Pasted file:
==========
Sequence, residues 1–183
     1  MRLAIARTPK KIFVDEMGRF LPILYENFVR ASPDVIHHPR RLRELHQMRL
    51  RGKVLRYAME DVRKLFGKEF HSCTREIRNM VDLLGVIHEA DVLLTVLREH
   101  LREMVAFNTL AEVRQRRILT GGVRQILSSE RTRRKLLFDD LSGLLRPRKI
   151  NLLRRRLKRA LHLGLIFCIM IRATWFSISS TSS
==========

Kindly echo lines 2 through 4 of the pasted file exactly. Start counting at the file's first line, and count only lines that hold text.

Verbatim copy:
     1  MRLAIARTPK KIFVDEMGRF LPILYENFVR ASPDVIHHPR RLRELHQMRL
    51  RGKVLRYAME DVRKLFGKEF HSCTREIRNM VDLLGVIHEA DVLLTVLREH
   101  LREMVAFNTL AEVRQRRILT GGVRQILSSE RTRRKLLFDD LSGLLRPRKI